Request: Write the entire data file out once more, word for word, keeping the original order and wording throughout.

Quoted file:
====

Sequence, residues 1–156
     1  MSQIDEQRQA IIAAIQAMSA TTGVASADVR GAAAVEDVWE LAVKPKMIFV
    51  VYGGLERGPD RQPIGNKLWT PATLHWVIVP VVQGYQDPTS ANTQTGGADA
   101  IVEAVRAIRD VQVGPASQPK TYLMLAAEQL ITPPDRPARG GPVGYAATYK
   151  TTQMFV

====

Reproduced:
Sequence, residues 1–156
     1  MSQIDEQRQA IIAAIQAMSA TTGVASADVR GAAAVEDVWE LAVKPKMIFV
    51  VYGGLERGPD RQPIGNKLWT PATLHWVIVP VVQGYQDPTS ANTQTGGADA
   101  IVEAVRAIRD VQVGPASQPK TYLMLAAEQL ITPPDRPARG GPVGYAATYK
   151  TTQMFV